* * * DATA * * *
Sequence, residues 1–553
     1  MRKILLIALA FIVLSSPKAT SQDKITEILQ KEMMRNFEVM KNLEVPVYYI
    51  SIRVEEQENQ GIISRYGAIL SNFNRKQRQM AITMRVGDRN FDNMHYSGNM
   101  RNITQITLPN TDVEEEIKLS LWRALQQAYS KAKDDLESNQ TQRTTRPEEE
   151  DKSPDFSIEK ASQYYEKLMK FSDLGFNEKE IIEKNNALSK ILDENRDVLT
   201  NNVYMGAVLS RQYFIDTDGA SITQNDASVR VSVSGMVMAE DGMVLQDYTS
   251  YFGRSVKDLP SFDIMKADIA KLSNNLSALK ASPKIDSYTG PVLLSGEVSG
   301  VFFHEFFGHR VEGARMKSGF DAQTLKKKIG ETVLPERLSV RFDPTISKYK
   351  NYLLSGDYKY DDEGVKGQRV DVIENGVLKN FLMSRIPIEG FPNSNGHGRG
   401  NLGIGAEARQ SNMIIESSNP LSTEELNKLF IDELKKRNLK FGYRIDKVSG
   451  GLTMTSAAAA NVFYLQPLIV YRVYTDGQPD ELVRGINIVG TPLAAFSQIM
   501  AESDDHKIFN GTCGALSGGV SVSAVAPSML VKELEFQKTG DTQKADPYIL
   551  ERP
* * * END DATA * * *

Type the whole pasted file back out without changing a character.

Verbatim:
Sequence, residues 1–553
     1  MRKILLIALA FIVLSSPKAT SQDKITEILQ KEMMRNFEVM KNLEVPVYYI
    51  SIRVEEQENQ GIISRYGAIL SNFNRKQRQM AITMRVGDRN FDNMHYSGNM
   101  RNITQITLPN TDVEEEIKLS LWRALQQAYS KAKDDLESNQ TQRTTRPEEE
   151  DKSPDFSIEK ASQYYEKLMK FSDLGFNEKE IIEKNNALSK ILDENRDVLT
   201  NNVYMGAVLS RQYFIDTDGA SITQNDASVR VSVSGMVMAE DGMVLQDYTS
   251  YFGRSVKDLP SFDIMKADIA KLSNNLSALK ASPKIDSYTG PVLLSGEVSG
   301  VFFHEFFGHR VEGARMKSGF DAQTLKKKIG ETVLPERLSV RFDPTISKYK
   351  NYLLSGDYKY DDEGVKGQRV DVIENGVLKN FLMSRIPIEG FPNSNGHGRG
   401  NLGIGAEARQ SNMIIESSNP LSTEELNKLF IDELKKRNLK FGYRIDKVSG
   451  GLTMTSAAAA NVFYLQPLIV YRVYTDGQPD ELVRGINIVG TPLAAFSQIM
   501  AESDDHKIFN GTCGALSGGV SVSAVAPSML VKELEFQKTG DTQKADPYIL
   551  ERP